CAR T-cell therapy NXC-201 given orphan drug status in EU

High response rate being seen in clinical trial in advanced multiple myeloma

Lindsey Shapiro, PhD avatar

by Lindsey Shapiro, PhD |

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NXC-201, an investigational CAR T-cell therapy, has been designated an orphan drug in the European Union (EU) as a potential treatment of multiple myeloma.

This status aims to speed the therapy’s clinical development by providing incentives that include reduced regulatory fees. It also gives access to the EU centralized authorization procedure, wherein the filing of one regulatory application covers all EU countries as well as Iceland, Liechtenstein, and Norway.

Should NXC-201 eventually be approved, it will be granted 10 years of market exclusivity under this designation.

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CAR T-cell therapies are engineered to target myeloma cells

Immix Biopharma, which is developing NXC-201, believes the investigational therapy will be of particular benefit for frail myeloma patients, who often face poorer outcomes and responses to therapy.

“Frail patients … remain an area of unmet medical need and are a significant portion of the relapsed/refractory multiple myeloma population,” Ilya Rachman, MD, PhD, Immix’s CEO, said in a company press release.

“We believe EU orphan drug designation for NXC-201 affirms the potential clinical impact of NXC-201 in this sizable population,” Rachman added.

The therapy also holds orphan drug designation for treating multiple myeloma in the U.S.

Originally developed by researchers at Hadassah Medical Organization in Israel, NXC-201 belongs to a class of treatments called CAR T-cell therapies that have gained traction for the management of multiple myeloma.

Essentially, these treatments involve isolating a person’s immune T-cells — which have innate cancer-fighting abilities — and engineering them in the lab specifically to target myeloma cells.

T-cells in NXC-201 are modified to house a lab-made receptor that binds to BCMA, a protein found at high levels on myeloma cells. When the modified T-cells are returned to a person’s body, they’re expected to bind to myeloma cells and launch an attack against them.

Current CAR T-cell therapies can require hospital stays of a couple of weeks for patients, admitted to receive the treatment, due to certain safety risks. These include cytokine release syndrome, a type of severe immune response that’s common with CAR T-cell therapies.

NXC-201 is expected to minimize such reactions, shortening hospital stays — with the possibility of it being given in an outpatient procedure — enabling more hospitals to offer the treatment and more patients to access it.

90% overall response rate being seen with NXC-201 at optimal dose

The Phase 1b/2 NEXICART-1 clinical trial (NCT04720313), being conducted at the Hadassah University Hospital in Jerusalem, is evaluating the therapy’s safety and effectiveness in up to 160 adults with relapsed and refractory multiple myeloma.

All participants had at least three previous lines of therapy, including a proteasome inhibitor, an immunomodulatory agent, and a CD38 inhibitor.

According to Immix, a large proportion of trial participants are considered to be frail.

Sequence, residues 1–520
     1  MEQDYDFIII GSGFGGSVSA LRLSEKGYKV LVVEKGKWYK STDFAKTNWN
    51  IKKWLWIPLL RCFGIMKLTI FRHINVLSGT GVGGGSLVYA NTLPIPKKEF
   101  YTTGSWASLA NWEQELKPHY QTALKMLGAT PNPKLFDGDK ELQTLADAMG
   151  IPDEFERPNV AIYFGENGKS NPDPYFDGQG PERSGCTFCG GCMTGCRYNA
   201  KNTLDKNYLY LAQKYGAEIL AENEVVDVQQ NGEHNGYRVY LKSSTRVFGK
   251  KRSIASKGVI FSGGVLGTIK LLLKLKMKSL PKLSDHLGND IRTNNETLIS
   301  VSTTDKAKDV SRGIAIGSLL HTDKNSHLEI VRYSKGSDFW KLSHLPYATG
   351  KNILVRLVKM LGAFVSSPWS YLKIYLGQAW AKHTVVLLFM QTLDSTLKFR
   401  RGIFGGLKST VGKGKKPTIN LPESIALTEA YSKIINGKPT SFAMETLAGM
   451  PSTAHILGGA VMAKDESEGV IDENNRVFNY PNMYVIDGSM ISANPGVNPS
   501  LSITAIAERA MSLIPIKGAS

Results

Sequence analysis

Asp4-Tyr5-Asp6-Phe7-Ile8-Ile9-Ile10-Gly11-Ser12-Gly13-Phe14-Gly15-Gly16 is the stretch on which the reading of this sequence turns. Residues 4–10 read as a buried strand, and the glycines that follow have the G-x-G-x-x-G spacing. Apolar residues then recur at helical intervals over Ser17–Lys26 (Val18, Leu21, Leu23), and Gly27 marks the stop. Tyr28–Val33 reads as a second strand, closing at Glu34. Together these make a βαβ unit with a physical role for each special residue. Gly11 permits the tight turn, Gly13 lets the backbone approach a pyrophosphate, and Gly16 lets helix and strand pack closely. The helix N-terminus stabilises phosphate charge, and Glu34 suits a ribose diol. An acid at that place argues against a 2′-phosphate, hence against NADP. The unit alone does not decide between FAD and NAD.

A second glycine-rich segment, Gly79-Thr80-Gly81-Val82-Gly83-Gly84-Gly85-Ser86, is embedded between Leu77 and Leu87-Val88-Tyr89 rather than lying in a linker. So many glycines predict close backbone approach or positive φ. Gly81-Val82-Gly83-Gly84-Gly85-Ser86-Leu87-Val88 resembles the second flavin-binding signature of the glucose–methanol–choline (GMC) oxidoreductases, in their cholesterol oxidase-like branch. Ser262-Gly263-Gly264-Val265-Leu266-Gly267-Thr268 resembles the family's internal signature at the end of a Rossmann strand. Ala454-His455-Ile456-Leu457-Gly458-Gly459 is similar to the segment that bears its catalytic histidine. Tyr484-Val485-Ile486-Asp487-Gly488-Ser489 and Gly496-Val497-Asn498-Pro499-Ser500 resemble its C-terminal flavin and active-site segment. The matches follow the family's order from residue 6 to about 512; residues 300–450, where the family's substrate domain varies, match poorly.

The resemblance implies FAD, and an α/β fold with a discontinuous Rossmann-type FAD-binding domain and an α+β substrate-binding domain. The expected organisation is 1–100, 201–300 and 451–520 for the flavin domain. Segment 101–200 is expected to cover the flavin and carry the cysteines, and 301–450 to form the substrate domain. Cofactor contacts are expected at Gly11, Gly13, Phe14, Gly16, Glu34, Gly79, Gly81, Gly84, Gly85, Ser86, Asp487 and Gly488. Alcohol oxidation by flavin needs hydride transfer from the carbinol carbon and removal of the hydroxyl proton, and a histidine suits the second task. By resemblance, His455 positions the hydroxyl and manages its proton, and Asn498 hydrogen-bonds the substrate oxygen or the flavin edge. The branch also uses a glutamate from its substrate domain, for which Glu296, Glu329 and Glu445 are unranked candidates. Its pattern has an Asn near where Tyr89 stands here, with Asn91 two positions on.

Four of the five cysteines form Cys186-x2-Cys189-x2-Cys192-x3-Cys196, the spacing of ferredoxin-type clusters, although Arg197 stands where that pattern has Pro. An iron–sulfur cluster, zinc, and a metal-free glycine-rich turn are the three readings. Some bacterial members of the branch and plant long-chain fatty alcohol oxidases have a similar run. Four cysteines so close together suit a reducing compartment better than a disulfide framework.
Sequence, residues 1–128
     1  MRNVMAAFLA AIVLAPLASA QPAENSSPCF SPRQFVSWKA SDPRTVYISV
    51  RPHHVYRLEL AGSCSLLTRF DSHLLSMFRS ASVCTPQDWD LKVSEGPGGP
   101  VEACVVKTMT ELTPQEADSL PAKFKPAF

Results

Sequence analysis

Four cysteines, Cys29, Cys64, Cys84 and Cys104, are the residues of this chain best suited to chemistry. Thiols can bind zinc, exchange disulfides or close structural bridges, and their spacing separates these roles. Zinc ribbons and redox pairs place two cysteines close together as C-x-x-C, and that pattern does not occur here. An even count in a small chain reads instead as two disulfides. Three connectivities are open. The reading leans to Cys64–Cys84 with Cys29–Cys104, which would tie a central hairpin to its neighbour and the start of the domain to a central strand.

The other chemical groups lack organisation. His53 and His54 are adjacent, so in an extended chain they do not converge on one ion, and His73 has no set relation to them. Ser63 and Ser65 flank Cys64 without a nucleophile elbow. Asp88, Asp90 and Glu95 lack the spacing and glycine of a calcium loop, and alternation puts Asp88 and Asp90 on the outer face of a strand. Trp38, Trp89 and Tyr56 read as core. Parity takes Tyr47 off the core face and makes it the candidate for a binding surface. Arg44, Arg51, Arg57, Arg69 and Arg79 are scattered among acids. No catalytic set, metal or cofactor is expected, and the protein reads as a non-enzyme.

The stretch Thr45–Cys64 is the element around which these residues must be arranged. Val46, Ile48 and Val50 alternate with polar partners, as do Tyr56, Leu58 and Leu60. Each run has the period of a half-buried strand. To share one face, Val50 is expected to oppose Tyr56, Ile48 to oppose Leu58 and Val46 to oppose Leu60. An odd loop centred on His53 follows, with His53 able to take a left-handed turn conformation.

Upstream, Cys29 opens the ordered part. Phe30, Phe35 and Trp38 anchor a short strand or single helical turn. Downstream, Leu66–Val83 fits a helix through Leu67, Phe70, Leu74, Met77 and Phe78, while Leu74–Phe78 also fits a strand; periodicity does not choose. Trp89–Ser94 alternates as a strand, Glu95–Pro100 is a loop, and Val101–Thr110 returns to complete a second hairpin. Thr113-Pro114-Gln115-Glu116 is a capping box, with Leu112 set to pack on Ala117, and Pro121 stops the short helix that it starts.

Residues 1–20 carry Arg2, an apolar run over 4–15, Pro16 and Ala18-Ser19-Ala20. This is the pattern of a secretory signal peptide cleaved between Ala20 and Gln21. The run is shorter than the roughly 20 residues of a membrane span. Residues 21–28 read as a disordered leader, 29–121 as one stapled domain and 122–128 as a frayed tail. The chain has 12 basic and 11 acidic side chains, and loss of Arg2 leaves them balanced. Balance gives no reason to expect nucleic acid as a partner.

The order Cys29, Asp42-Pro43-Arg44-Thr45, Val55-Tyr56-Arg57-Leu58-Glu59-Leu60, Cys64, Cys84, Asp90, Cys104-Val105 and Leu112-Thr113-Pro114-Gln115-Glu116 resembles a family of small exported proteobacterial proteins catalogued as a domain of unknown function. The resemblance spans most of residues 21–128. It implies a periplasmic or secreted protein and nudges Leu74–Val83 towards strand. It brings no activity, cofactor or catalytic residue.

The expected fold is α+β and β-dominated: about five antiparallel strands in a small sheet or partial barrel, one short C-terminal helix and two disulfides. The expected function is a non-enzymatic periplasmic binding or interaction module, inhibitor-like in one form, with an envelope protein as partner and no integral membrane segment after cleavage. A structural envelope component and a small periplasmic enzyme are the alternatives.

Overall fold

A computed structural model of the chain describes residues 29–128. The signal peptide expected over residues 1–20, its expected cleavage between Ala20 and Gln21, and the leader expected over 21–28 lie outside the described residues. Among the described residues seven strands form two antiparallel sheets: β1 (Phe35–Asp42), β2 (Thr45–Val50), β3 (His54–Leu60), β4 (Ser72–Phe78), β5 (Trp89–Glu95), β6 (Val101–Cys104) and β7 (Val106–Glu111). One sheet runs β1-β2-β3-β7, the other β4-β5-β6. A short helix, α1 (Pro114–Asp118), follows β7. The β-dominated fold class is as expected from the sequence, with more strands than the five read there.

The study’s Phase 1b portion identified an optimal dose of 800 million cells for its Phase 2 part. Here, the goal is to look at overall response rates, meaning the proportion of patients achieving at least a partial response to treatment.

Previous interim data, at a median follow-up of 5.7 months in February 2023, showed an overall response rate of 82%.

As of a July 2023 data cutoff, 63 myeloma patients had been dosed across the entire trial, with 50 treated at the recommended dose.

With a median follow-up of nearly one year, an overall response rate of 90% was seen among trial patients given the optimal dose. More than half of this group (58%) achieved a complete response, where the cancer is virtually eradicated.

Most patients (70%) also were negative for minimal residual disease, or the small number of myeloma cells that can remain after treatment and cause a relapse.

Cytokine release syndrome reaction resolved in same day it emerged

Prior use of BCMA-targeted therapies or the presence of extra-medullary disease were associated with a “worse outcome,” but still “high response rates” of about 75%, the researchers reported. Extra-medullary disease is marked by cancer that has spread beyond the bone marrow.

At nearly one year after treatment (11.9 months), the median survival without cancer progression was 10.6 months and median overall survival had not been reached, meaning most patients were still alive.

The treatment’s safety profile was considered to be manageable, overall. While cytokine release syndrome was reported in 96% of patients, most cases were not considered severe. Immix considers that NXC-201 might be the world’s first CAR T-cell therapy with a “single day” of this syndrome, with average immune reactions both emerging and resolving within one day.

“We believe NXC-201’s observed favorable tolerability profile and ‘Single Day CRS’ [cytokine release syndrome] across a robust clinical dataset could enable an attractive option for frail relapsed/refractory multiple myeloma patients,” said Gabriel Morris, Immix’s chief financial officer.

Complete data collection in the NEXICART-1 trial is likely in 2025, and the study is expected to finish in early 2026.